Although we don’t actively advertise it, TwoFeetMarketing is often tasked with writing a press release. We’ve had some great successes with links from the BBC and other national and local news outlets linking to our content.
The art of writing a press release is very simple but people are often scared to start one. So we thought we would give a detailed view of how we write a press release so you have a chance to replicate some of the success that we have had.
Step One: Consider The Press Release Story
The story you are telling has to be compelling, exciting and newsworthy. Telling journalists that you’ve just opened your business is not really newsworthy, sorry. This happens with hundreds of businesses every day. However, telling them that your business is going to change how your industry works – is something to write about.
Step Two: Gather Quotes
Whether they are quotes from you, clients, partners, staff or whoever, you want two great quotes within the press release that demonstrate excitement, intrigue and professionalism. The quotes also have to be focused on the main story. If possible, both quotes should be from two different people, this makes your press release have a lot more authority to it.
Step Three: Press Release Introduction
Now you need to consider how you are going to start your press release. The best way is to summarise exactly what the release is about in 25 words covering the questions: ‘who, what, where, when and why’. It is important to include the ‘where and when’ as those that don’t include these can often be rejected.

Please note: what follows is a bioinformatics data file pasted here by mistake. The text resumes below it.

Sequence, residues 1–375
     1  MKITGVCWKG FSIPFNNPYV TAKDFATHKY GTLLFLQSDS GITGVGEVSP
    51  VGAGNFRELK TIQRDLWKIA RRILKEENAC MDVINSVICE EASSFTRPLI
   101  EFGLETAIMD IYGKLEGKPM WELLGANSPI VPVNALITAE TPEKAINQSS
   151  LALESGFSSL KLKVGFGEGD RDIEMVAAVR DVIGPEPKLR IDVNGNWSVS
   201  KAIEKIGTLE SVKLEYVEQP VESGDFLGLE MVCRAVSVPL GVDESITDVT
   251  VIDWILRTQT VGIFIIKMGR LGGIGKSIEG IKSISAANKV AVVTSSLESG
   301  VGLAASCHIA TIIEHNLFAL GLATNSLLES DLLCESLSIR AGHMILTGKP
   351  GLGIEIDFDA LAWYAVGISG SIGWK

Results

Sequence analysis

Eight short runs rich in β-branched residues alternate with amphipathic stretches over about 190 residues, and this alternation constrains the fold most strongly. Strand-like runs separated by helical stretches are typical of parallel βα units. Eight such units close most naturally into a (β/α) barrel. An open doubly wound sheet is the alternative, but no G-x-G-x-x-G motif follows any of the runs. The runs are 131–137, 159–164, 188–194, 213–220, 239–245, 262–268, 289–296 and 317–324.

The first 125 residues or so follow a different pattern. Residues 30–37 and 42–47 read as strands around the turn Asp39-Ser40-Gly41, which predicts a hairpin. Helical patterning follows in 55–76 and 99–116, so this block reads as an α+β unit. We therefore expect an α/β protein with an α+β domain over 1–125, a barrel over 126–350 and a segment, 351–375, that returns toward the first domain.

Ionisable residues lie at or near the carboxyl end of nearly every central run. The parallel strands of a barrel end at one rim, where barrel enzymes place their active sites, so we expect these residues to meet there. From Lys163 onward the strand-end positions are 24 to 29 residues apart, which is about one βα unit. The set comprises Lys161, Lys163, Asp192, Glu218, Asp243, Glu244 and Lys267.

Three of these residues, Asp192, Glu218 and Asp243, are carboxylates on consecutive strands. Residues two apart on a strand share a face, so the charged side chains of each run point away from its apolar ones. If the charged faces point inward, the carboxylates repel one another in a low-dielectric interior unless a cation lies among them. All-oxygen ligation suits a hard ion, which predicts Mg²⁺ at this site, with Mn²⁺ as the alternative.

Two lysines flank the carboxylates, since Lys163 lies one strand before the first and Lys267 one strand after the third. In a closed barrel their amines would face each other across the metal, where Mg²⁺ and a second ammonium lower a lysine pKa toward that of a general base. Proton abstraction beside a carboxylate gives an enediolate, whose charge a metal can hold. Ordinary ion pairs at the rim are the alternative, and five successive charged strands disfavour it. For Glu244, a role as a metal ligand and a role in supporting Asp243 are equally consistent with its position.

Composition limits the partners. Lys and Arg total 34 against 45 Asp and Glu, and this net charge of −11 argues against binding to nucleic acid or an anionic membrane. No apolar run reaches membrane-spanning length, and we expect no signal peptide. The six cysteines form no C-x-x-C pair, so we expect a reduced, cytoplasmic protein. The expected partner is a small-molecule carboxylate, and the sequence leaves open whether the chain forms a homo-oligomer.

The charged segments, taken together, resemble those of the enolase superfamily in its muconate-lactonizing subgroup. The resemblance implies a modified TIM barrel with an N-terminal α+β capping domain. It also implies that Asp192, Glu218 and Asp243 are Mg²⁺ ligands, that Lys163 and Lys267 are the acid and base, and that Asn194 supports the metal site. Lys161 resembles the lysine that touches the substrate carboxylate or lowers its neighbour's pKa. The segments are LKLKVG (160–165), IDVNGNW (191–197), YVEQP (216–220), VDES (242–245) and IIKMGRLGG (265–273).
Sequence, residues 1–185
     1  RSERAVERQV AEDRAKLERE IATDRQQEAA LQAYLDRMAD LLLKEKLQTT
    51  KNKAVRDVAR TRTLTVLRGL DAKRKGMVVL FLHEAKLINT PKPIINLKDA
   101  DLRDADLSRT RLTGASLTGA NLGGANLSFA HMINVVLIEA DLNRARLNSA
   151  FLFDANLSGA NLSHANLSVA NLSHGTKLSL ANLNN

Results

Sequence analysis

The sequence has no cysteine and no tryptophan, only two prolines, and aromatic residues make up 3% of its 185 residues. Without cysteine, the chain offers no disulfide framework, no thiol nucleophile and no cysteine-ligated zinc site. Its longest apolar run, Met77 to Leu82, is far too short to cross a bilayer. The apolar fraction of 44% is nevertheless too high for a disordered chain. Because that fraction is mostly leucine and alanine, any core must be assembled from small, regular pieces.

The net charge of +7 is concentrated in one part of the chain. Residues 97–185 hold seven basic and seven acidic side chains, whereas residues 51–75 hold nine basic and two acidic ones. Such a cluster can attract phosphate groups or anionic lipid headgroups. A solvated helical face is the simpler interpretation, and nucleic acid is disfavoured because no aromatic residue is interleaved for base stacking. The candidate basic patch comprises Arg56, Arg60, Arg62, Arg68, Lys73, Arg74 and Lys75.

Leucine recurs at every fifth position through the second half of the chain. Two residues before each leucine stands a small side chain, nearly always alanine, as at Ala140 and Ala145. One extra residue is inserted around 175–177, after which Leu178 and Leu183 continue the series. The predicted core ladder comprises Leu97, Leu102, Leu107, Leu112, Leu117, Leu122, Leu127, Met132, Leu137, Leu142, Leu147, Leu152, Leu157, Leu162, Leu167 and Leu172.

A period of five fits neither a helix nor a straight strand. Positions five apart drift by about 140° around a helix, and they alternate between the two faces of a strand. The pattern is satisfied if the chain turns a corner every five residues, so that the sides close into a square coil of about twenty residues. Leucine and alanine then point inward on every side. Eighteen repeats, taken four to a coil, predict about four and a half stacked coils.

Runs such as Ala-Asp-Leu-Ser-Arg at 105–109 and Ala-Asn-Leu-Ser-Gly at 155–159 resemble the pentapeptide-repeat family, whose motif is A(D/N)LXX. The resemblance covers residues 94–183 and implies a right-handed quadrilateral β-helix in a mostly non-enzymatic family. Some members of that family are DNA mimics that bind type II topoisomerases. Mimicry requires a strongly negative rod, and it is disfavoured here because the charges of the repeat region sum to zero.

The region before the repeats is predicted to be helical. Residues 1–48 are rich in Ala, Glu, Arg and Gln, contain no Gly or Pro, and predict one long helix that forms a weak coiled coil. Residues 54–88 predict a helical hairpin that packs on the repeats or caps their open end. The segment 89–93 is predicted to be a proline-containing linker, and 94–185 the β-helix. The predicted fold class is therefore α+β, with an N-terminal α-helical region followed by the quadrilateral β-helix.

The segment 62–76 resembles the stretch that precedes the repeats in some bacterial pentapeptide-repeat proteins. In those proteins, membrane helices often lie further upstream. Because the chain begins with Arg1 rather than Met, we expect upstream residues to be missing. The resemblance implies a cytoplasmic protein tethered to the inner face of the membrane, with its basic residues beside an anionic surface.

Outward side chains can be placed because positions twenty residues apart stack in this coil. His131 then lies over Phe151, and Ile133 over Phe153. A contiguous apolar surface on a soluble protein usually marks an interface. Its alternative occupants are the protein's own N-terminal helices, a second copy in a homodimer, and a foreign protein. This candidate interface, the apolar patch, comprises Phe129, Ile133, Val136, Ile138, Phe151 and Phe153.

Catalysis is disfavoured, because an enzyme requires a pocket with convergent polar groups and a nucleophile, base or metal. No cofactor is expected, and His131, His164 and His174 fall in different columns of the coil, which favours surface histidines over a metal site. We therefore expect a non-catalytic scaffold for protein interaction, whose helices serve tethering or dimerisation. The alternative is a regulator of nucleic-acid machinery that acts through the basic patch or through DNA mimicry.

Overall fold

At the same time, it can be a good idea to include three or four bullet points at the top of the release highlighting the main points.
Make your introduction, short, punchy and interesting. If people aren’t interested in it from the start – they won’t read on or feature you.
Step Four: Write The Rest
Now you need to write the rest of the press release. Try to stick to under 250 words. If the journalist is interested in your news, they will come back to you with more questions. Included in the content should be your two quotes: one at approximately one third of the way down and the second, two thirds of the way down.
Step Five: Edit
Now go back and edit your piece, ensure that everything included is essential and spelt correctly. This is an important stage as you want to ensure everything is pitched just right, i.e. length and voice.
Step Six: Images
There are differing opinions on images, with some journalists hating them and others wanting them in to save on time. If you get a chance, find out which is which and divide them into two lists. You’ll send two to three high quality images with those that like them and a link to a ‘media area’ on your website for the other.
Step Seven: Headline
Now is the time to write the headline. Why write it now? Because you’ve finished your press release and so you can see how the text has portrayed the story and can therefore pitch your headline in the same manner. Make sure your headline portrays what the story is about but is not so generic that it couldn’t be differentiated from the rest of the inbox.
Step Eight: Get Other Opinions
Now circulate your press release around the business and ask people what they think. They might make suggestions.
Step Nine: Add Contact Details
Now you need to add the contact details for all those who have been interviewed in the piece. Ensure that their email and telephone number are included within the piece and that neither of them are going on holiday for two weeks after the release is going out. There is nothing more infuriating for journalists than wanting to cover a story and the people they want to speak to are not available.
Always include a telephone number, even if it is tempting to just leave an email address. Journalists are often working to tight deadlines and emails are slower than picking up the phone.
Step Ten: Send It Off
Now you need to send off your press release and hope for the business. Good luck and we are sure you will do well.
Have you any questions about press releases? Let us know below and we’ll respond.